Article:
Brikesh Singh bids adieu to the forest

Continuing the movement, he now takes the petition to the PM

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Feature story - October 1, 2012
Greenpeace activist, Brikesh Singh leaves the tree-house in the forests of Chandrapur today, on October 1. This was his home since September 1 when he decided to embark on a tree-top protest to save our forests. He will now make his way back to the city, where he will try his best to meet the Prime Minister in Hyderabad and deliver over 2,30,000 individual sign-ups to the petition to save our forests from coal mining. The PM is hosting the United Nations Convention on Biological Diversity and what better time than this to ask him to pledge to save wildlife and forests in Central India from coal mining.

01 October 2012

Brikesh Singh at the tree-house on the fringes of Tadoba-Andhari © Sunny L / Greenpeace

This year the petition was created on July 19, 2012 and it quickly surpassed its target and stands at almost 1,14,000 signatures presently. With the signatures from last year the support for forests has crossed 2,30,000. Now, this should convince our Prime Minister that people all over the country don’t want our forests and wildlife destroyed for coal, especially when we have alternatives like renewable energy to generate electricity.

Before leaving Chandrapur, along with local activists and volunteers, Brikesh led a cycle rally to the Durgapur coal mine bordering the Tadoba-Andhari Tiger Reserve. The proposed coal mine expansion here is a threat to many hectares of forest which is also a critical tiger habitat. The activists demarcated forests that should not be destroyed for coal using a 135 foot fabric, representing the online petition supporters.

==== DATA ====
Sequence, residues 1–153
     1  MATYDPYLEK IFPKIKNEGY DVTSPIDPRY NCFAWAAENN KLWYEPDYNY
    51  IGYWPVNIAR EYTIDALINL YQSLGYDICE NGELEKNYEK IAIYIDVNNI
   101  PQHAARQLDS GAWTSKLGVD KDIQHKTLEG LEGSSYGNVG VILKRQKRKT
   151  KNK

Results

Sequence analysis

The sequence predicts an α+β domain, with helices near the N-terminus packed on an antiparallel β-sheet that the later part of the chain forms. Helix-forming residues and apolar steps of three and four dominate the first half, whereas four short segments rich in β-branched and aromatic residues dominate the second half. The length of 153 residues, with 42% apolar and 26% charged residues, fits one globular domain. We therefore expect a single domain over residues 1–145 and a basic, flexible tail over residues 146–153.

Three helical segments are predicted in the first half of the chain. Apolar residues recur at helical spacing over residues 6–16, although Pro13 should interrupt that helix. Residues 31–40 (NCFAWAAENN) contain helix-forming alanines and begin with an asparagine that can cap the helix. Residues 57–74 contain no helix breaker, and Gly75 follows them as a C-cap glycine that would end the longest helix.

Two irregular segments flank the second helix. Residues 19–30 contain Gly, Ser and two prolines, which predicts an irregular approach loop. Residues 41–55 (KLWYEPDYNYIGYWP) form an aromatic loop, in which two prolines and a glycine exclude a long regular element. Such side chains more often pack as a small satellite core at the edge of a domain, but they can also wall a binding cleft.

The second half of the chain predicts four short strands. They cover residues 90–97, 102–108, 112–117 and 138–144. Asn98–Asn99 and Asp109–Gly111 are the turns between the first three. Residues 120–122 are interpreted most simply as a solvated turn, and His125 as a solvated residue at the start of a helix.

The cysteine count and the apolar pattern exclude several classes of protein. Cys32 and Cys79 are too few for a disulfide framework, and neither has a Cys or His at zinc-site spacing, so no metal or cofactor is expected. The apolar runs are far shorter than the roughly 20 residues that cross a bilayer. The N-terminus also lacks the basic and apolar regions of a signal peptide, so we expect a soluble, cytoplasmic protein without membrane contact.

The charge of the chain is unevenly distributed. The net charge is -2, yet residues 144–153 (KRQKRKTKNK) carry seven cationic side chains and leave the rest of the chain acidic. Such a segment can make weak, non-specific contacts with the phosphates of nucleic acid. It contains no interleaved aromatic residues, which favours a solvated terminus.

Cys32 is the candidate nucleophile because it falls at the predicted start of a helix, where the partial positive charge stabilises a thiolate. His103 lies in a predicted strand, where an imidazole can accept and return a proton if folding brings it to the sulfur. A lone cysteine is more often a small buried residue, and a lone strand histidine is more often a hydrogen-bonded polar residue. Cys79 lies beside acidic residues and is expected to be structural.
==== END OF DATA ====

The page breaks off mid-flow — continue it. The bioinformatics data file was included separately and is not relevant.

01 October 2012

Brikesh leading the cycle rally © Harikrishna Katragadda / Greenpeace


The forests in and around the Tadoba Tiger Reserve are home to about 74 tigers but at least six coal mines are already operational around the reserve and many more have been allocated. But during Brikesh’s stay here the forests got a much needed reprieve. A special committee of Maharashtra forest officials rejected Adani Power’s proposal to set up an open cast coal mine in Chandrapur's Lohara block. They observed that any more coal mining here would result in fragmentation of the forest and isolation of the Tadoba reserve from other Central Indian forests.

The long campaign to protect forests in the region by local organisations such as Eco-Pro, Green Planet and others finally bore fruit. Greenpeace has been working with these groups over the last few years.

On this victory for the forests Brikesh said, “Saving Lohara’s forests was just the beginning – lakhs of hectares of forest are facing destruction from coal mining throughout Central India. A month on this tree made me realize that our forests give us infinite resources and lakhs of Indians want them to be saved; it does not make economic sense to destroy them for dirty coal which will only last a few years.” 

Recently Greenpeace analysed 13 coalfields out of over 40 in Central India. As the coal lobby seeks to expand coal mining, more than 1 million hectares of forest land will come under threat in just these 13 coalfields. That's almost twice the area of India's top five metros combined. This clearly shows that Brikesh’s work is not done, in fact, this is just the beginning.

Greenpeace Campaigner, Nandikesh Sivalingam says, “Greenpeace is calling for a moratorium on all new forest clearances for coal mining until a transparent public consultation process is held to arrive at the criteria for determining which forest areas in coal fields will be permanently closed to mining. These criteria need to take into account a range of factors, including biodiversity, livelihood dependence, hydrological values and the value of intact landscapes.”

01 October 2012

The stretch of fabric asking coal miners to leave the forest alone! © Harikrishna Katragadda / Greenpeace


It is a very urgent need right now to protect and preserve the last remaining forests in our country. Tigers and scores of other wildlife depend on these forests. How can we just turn a blind eye to them and thousands of forest dwellers?

So much life in the forests cannot just become collateral damage on India’s development path. True development must be inclusive which means thriving forests and the survival of all species. We need to let the government know that we will not accept anything less. As Brikesh gets ready to meet the Prime Minister, show your support for India’s forests and wildlife, visit

-Ignatius Thekaekara